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Traditional Retailers Leveraging Store Base to Compete With Amazon

As Amazon wages an ongoing battle for e-commerce market share with traditional U.S. retailers, those companies continue to flex their brick-and-mortar muscle and leverage their store base as a same-day delivery weapon.

In a new report from Moody’s titled, “As Online Battle Escalates, Retail Keeps Leveraging Its Secret Weapon: The Store Base,” the financial research firm’s retail analysts said despite Amazon’s disruptive force in the retail sector, traditional physical stores remain important. One key is the different ways retailers are embracing online strategies to achieve omnichannel sales and distribution.

Changes in technology and pressure from Amazon have forced merchants to re-examine how consumers want to shop, and how to use their stores more effectively to meet these needs, the report said. These realities have retailers investing in online and supply chain capabilities to improve delivery.

Department stores, in particular, have made e-commerce inroads quickly. The sector, which has struggled the past few years, also has been among the most aggressive in harnessing e-commerce and digital innovations as a key part of their recovery, the report noted. They are increasingly offering free delivery, mobile applications for faster access, price checking, payment ease, rewards program management and order tracking.

Department stores also are striving to make their supply chains more efficient and provide customers with greater integrated front-end experience. All of this is translating into a substantial increase in their online sales, with the sector now transacting more than 22 percent of sales online, above the estimated 13 percent average penetration for the broader retail industry for fiscal 2018.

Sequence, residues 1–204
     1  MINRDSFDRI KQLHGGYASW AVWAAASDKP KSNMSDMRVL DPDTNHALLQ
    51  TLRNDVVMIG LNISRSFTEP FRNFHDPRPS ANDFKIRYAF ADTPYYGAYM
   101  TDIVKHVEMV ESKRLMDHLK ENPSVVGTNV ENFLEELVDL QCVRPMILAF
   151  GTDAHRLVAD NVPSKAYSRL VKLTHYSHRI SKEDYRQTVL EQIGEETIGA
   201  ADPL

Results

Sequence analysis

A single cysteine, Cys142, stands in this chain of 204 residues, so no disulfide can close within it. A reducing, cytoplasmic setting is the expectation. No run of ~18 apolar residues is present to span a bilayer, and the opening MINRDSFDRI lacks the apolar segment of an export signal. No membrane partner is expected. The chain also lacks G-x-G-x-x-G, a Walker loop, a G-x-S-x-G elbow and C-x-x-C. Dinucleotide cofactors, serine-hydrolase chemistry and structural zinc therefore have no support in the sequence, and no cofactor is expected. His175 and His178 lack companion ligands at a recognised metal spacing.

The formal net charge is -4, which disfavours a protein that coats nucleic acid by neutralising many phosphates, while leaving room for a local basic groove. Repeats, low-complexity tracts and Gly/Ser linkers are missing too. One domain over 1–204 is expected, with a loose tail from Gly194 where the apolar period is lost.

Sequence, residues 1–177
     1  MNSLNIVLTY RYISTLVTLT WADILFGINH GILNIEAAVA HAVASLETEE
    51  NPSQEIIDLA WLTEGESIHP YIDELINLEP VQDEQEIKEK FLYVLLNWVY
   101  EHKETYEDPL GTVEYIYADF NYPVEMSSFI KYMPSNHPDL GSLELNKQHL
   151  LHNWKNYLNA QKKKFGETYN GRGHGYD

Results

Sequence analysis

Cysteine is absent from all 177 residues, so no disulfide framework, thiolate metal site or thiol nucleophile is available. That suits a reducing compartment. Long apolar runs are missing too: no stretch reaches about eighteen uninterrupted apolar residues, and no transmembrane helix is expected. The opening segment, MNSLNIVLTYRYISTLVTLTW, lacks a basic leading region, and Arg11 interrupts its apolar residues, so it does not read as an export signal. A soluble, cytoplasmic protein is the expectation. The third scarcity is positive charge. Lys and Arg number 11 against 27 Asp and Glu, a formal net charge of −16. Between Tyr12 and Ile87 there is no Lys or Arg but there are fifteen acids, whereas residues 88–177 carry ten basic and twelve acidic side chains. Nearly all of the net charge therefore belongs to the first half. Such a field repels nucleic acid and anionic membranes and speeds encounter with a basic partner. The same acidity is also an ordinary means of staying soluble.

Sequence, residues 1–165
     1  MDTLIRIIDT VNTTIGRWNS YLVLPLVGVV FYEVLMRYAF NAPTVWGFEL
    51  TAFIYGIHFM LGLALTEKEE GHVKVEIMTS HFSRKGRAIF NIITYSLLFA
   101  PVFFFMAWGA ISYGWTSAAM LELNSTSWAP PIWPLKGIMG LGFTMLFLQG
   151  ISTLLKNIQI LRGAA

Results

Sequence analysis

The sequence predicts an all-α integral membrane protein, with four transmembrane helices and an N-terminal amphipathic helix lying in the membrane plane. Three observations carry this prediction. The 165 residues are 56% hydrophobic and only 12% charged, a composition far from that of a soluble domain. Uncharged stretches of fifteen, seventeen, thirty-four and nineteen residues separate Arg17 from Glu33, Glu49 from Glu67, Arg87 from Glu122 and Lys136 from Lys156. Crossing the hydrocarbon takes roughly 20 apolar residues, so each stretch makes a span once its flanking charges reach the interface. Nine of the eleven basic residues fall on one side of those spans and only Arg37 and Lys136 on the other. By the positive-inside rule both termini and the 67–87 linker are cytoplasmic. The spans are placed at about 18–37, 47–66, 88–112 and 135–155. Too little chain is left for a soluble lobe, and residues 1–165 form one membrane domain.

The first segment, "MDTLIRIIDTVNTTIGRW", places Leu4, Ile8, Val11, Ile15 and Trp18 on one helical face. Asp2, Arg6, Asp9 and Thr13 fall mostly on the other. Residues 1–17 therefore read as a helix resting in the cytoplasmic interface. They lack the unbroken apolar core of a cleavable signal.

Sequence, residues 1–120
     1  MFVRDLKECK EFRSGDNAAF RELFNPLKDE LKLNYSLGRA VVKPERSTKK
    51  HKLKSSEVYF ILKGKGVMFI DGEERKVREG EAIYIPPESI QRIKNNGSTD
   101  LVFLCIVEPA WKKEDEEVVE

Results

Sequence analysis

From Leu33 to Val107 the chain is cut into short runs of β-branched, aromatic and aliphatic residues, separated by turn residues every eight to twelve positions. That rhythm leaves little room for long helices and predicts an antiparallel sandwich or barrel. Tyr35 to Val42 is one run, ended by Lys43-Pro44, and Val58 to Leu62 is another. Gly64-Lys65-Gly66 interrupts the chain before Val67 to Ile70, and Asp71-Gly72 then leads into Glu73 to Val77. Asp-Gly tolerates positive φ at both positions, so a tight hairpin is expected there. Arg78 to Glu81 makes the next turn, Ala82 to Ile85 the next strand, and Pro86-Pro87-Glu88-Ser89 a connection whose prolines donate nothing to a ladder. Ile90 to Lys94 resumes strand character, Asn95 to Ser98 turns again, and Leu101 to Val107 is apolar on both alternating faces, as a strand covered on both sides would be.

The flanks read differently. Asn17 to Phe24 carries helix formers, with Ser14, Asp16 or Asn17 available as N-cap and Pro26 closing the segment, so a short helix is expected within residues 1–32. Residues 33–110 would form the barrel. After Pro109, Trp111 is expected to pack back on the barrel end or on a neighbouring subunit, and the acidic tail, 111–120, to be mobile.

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Apparel specialty stores have been racing to catch up on digital capabilities, according to Moody’s. Specialty apparel chains, such as Gap Inc. and Abercrombie & Fitch, have led with visual technology and social media, Moody’s said, which has improved their marketing ability.

“We estimate that online penetration for the rated apparel retail sector—excluding pure-play online issuers—will grow to 20 percent in 2019,” Moody’s said.

Amazon is busy adding to its more than 70 private label apparel brands that compete in targeted apparel categories, mainly at low- to mid-price points. In addition, smaller online players, including ASOS, Boohoo, Stitch Fix, Rent The Runway, Everlane and Lulu’s “have carved out successful niches,” while  companies such as Cole Haan and Nike have started selling a selected assortment directly on Amazon.

“However, that puts brands at risk of commoditization, since they have less control over the customer experience,” Moody’s said. “This channel also tends to be less profitable than selling through their own websites or stores.”

Among discounters and warehouse chains, including Walmart and Target, “online penetration will remain on the lower side,” the report said, due to the sector’s meaningful grocery businesses. Even though these retailers are “making big strides getting up to speed with their online capabilities,” Moody’s said, it sees current penetration of around 4 percent, rising to 5 percent in 2019.

The power of Amazon has come from its many delivery and shipping initiatives, including its meaningful spend on fulfillment centers in 2017. Amazon has been investing heavily to obtain more proprietary control over deliveries in general, Moody’s noted.